If CO2 shall be captured from the flue gases of coal fired power stations for subsequent dumping, a viable technology should be available also for retrofitting existing conventional pulverized coal fired power stations.
The objectives are to study experimentally at pilot scale the concept of firing combustion plant with oxygen and recycled flue gas with regard to flame stability, gaseous emissions, heat transfer, fly ash properties, deposition and sulphur build-up and to undertake techno-economic assessment of processes to remove CO2 from flue gas based upon the findings of the experimental study.
Two process schemes were developed for flue gas treatment. One involved the recovery of pure CO2, the
second was a minimum treatment scheme. On technical, environmental and economic grounds the process which
used low purity oxygen and has minimum flue gas treatment was the best option. However, although this process
eliminated CO2 emissions completely, it reduced the efficiency by 8.5%, increased the total capital cost by 50%,
increased specific investment by 90% and increased the break-even electricity selling price by 55% compared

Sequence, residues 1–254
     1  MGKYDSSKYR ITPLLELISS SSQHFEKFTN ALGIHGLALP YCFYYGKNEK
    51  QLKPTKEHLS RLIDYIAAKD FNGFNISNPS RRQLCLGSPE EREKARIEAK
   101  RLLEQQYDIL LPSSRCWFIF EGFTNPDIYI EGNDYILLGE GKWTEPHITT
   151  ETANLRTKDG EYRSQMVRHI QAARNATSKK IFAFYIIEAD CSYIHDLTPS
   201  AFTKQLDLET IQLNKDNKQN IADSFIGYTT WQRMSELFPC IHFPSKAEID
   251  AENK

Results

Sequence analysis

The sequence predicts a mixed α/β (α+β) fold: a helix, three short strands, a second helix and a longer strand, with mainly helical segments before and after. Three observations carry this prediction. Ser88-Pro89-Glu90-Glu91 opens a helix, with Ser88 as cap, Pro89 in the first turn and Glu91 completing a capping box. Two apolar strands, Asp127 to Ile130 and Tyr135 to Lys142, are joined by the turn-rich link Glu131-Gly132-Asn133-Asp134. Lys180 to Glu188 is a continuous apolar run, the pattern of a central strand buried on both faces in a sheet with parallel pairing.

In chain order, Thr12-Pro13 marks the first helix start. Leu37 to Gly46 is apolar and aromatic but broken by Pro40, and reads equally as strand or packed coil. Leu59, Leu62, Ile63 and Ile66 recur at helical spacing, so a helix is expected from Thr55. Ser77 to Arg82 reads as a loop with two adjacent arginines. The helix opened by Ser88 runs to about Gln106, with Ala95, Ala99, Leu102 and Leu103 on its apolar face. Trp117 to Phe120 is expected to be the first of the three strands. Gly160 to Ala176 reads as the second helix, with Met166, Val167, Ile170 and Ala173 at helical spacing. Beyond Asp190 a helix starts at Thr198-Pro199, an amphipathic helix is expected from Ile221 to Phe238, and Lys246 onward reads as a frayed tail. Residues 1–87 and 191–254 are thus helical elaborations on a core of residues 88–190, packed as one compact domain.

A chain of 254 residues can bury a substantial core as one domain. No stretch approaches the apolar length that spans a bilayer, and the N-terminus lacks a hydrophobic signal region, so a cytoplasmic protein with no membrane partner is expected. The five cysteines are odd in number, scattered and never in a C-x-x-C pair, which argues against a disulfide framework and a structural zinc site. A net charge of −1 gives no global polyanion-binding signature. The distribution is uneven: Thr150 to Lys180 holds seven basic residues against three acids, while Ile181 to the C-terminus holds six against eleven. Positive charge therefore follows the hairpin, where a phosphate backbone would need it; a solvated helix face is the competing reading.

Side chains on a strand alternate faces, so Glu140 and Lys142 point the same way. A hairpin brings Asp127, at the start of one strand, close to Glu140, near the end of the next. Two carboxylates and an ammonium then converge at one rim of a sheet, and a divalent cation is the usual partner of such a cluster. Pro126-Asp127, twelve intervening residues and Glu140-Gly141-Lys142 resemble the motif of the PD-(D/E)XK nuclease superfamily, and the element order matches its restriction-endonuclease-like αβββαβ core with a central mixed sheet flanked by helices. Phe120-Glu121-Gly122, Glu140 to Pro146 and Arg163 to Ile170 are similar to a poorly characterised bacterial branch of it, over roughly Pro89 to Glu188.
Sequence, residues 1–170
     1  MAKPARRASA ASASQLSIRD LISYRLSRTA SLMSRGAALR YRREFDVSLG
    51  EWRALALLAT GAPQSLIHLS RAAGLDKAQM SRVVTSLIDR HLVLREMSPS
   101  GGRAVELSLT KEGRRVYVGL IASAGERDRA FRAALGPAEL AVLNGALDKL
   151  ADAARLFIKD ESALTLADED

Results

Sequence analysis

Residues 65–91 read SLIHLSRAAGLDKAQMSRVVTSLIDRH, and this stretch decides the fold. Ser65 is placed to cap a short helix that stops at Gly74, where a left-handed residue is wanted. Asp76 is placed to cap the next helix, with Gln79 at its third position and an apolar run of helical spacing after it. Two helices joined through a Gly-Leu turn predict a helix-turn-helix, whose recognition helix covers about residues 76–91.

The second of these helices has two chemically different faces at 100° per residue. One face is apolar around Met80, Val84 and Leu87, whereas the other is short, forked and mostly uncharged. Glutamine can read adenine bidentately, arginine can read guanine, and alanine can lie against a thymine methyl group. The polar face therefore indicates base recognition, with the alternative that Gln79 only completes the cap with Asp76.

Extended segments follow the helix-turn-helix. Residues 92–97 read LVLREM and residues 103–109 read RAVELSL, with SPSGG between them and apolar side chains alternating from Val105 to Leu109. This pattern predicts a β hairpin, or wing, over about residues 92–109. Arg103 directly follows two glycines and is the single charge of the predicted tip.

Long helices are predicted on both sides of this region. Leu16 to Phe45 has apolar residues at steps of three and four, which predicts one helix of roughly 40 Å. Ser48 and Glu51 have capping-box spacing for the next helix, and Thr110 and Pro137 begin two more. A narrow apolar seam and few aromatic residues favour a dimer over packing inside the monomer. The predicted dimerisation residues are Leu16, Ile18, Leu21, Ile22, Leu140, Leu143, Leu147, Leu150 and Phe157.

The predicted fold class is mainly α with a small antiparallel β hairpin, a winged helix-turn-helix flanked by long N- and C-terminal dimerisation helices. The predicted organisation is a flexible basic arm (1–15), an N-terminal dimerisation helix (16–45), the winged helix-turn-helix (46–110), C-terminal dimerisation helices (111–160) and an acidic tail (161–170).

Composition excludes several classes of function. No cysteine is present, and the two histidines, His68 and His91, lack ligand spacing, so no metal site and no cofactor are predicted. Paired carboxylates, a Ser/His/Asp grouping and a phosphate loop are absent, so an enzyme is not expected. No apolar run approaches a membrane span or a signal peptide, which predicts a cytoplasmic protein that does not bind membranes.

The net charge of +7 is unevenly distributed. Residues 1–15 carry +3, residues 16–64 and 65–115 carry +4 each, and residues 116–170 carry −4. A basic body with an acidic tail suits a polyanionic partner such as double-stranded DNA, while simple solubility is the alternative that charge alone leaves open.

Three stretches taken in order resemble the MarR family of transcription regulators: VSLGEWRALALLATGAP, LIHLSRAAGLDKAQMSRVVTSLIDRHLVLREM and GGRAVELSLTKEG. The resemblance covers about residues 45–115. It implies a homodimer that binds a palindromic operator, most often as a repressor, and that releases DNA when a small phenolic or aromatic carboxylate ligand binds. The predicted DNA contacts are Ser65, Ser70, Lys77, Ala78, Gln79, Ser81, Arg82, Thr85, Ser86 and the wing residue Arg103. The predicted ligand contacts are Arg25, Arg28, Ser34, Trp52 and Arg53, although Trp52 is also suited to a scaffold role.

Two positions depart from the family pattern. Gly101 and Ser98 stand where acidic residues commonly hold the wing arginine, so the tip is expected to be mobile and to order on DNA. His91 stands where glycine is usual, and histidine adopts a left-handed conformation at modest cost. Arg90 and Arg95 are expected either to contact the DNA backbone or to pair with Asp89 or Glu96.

with a standard air-fired power plant.
The elimination of nitrogen from combustion processes by firing with oxygen and recycled flue gas results in a substantial reduction in the downstream processing required to subsequently remove the carbon dioxide produced. The project aims to provide experimental data with regard to the combustion process, gaseous emissions, ash properties, ash deposition and heat transfer so as to allow better technical assessment of retrofittable processes for the removal of carbon dioxide from the flue gas of coalfired furnaces.
The following tasks will be undertaken during the course of the project:
1. Modify the 150 kW Clean Coal Combustion Test Facility of Babcock Energy Limited to burn pulverized coal in an oxygen/recycled flue gas environment.
2. Undertake testing on the 150 kW facility under varying process conditions to establish the effects of flue gas recycle relative to conventional combustion.
3. Analyse the experimental data and assess its significance on equipment design.
4. Investigate the potential of sulphur build-up and problems that might be associated with this.
5. Undertake a techno-economic assessment of overall processes in the light of the new experimental data.
6. Model carbon dioxide capture and disposal options and examine the viability of using flue gas recycle as a means of reducing these emissions.
Funding SchemeCSC - Cost-sharing contracts